As France is nearing the end of the first Indochina War, an open-minded teenage boy finds himself torn between a rebellious urge to discover love, and the ever-present, almost dominating affection of his beloved mother.
Counting Wes Anderson and Noah Baumbach among its fans, and drawing enviable comparisons to Truffaut’s The 400 Blows, Louis Malle’s semi-comic, semi-autobiographical coming-of-age classic tackles taboo subject matter—incest—honestly, intelligently, and with a humorous, witty approach.
I really loved this film. Great performances all around, especially from youngster Benoit Ferreux. This movie explores the influence of family on a young male's sexual development. It comes off as deeply personal because it is so rich with detail and the characters feel so fully realized. In short, this film is well worth your two hours!
This is a joyous movie, full of life and laughs, but also quite melancholy. Malle has a light touch, and he recalls Truffaut at the height of his career, but he has a style all his own. The events flow by fluidly, and there are just some sublime moments. And of course there's the great soundtrack. Laurent and Clara are great characters, I'll never forget them. Malle gives a whole new meaning to the word Freudian.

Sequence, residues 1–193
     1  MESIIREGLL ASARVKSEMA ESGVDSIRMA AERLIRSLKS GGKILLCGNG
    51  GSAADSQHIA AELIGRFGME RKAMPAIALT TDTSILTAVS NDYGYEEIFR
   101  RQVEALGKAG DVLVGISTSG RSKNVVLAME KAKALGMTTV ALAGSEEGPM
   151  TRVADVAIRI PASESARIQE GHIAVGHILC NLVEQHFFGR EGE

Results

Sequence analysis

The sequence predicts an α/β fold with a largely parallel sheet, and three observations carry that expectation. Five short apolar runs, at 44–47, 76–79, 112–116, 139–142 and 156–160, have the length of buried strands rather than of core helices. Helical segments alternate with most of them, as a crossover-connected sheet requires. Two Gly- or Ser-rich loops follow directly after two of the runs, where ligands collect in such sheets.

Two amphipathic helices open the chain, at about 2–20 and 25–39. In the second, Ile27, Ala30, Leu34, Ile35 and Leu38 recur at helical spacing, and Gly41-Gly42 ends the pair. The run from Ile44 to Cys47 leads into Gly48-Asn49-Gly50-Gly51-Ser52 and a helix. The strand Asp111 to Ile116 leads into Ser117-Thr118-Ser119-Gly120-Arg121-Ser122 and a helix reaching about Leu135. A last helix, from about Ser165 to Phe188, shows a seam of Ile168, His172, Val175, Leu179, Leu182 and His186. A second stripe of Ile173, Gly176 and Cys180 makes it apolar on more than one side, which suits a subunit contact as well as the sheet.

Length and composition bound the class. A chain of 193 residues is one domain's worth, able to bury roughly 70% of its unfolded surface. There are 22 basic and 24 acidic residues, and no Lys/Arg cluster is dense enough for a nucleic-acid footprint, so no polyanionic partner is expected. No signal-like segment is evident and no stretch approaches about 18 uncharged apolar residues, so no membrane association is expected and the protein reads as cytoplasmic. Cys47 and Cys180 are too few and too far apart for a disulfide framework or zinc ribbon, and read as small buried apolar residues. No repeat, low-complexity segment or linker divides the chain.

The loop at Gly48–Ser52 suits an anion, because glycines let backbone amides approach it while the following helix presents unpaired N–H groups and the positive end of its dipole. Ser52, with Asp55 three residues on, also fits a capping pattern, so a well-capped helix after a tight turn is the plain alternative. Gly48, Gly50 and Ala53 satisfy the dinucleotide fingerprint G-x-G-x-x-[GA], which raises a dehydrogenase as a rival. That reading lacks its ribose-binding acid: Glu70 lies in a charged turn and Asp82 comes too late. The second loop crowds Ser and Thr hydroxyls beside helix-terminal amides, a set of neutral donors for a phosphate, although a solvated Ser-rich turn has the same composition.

That moment at the end of the film, when Laurent walks back into his hotel room after a sordid evening to find his father and brothers sitting down for breakfast, and–maybe to cut the tension, maybe for lack of any appropriate response–they all begin to collapse in laughter with one another: that's cinema.
Hmmm. Gonna have to sit with this one for a while. If, as I believe, Laurent does that because of an attempt to cut off Oedipal attraction, then that seems simplistic in the extreme. If it, as the Criterion essay argues, is an act of liberation for the two then I'm even more confused. If it is trying to explore the taboo topic with complexity, it brings it up too late to really explore. A fascinating difficult film.
35mm. What is most interesting is the narrative fluidity in a period film, which includes scattering elements: Charlie Parker in the soundtrack and the intellectual interests of the director's generation, especially if we stick to the age of the protagonist - not only Proust and Vian, but also the magnificents Huysmans and Montherlant. However, it lacks more dynamics beyond its formal control and fictional program.
You might call its effects on me 'quintessential' cinema; at once ambivalent about its ends while being completely swept up in its liveliness (naughtiness). The vignette structure would be an ethical compromise if it wasn't playing the long con, testing to find our own boundaries and the point they feel breached. That family dynamics occur naturely and rather closed off is depicted pretty remarkably.
I adored this family, this is now one of my most cherished films.
I couldn't believe what I was seeing during certain scenes, but I also found nothing wrong with it. It all seemed so very normal. And it is .